It’s hard being the child of a superstar; all the more so when your father single-handedly gives humanity a hope, despite its otherwise total obliteration.
For the 120 years prior to the flood, Noah seems to work on his ark in isolation; we only learn of the names of his children as they enter the ark as the rainwaters commence. Noah alone sends out the ravens and dove as they leave the ark; Hashem seals the Rainbow Covenant with Noah.
Noah struggles to adjust to life back on dry land. Tragically, “Noah, man of the earth, degraded himself, and planted a vineyard. He became drunk and uncovered himself inside the tent.”
His son, Ham, “sees the nakedness of his father and told his two brothers”. Based on Noah’s subsequent cursing, our sages convey a tradition that Ham’s ‘seeing’ was a euphemism for either rape or castration.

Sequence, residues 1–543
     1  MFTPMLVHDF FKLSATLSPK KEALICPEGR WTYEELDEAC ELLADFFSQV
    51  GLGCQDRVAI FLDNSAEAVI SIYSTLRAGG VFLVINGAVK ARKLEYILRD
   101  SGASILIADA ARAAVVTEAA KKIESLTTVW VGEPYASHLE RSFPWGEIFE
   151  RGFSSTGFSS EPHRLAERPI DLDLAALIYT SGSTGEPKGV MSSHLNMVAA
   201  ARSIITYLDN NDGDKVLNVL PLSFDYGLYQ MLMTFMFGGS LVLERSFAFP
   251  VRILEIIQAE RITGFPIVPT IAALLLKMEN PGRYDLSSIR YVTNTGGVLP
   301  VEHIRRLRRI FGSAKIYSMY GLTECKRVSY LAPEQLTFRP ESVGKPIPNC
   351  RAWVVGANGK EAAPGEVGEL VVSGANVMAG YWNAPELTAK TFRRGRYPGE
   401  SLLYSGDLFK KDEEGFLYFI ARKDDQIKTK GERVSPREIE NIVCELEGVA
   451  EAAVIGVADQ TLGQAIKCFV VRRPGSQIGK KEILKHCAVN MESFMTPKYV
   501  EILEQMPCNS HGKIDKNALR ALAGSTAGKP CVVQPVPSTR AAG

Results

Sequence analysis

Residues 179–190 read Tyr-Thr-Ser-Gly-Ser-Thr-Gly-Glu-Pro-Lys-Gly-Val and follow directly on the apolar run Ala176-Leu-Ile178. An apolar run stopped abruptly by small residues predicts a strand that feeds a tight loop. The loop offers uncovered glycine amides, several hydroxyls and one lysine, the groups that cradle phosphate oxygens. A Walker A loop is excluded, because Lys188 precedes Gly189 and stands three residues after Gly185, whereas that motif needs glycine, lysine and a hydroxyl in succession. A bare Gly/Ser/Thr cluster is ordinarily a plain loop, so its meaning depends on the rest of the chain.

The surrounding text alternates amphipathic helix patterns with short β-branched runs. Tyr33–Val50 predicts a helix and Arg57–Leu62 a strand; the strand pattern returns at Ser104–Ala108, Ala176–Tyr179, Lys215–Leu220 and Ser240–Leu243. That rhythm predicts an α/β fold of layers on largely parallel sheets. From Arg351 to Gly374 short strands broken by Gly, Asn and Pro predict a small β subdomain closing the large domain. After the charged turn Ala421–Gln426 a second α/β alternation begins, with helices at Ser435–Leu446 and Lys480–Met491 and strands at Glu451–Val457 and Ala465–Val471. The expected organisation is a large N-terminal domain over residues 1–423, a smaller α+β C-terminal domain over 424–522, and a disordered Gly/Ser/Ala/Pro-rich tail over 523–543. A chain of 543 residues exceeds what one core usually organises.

Noah saved the world; he now was drunk and exposed in a cruel way by his youngest son.
Shem, joined to a lesser extent by his brother Yafet, place a garment over their father, taking care not to see his shame.
We know little about Shem from the text; according to our sages he founded a yeshiva with his grandson Ever; he became a priest, later to be known as Malki-Tzedek, king of Shalem, with whom Abraham forged an alliance.
Yet we are known as Semites – after Shem. His singular act in the Torah – sparing his father from further embarrassment, and saving what was left of his dignity – was enough for Noah to bless him that his brothers should be subservient to him.
In our very exposed age when everything – physically, personal, spiritual –
is revealed, perhaps this trait of Shem is one from which we can all learn.
Rabbi Garry Wayland is the former assistant rabbi at Woodside Park United shul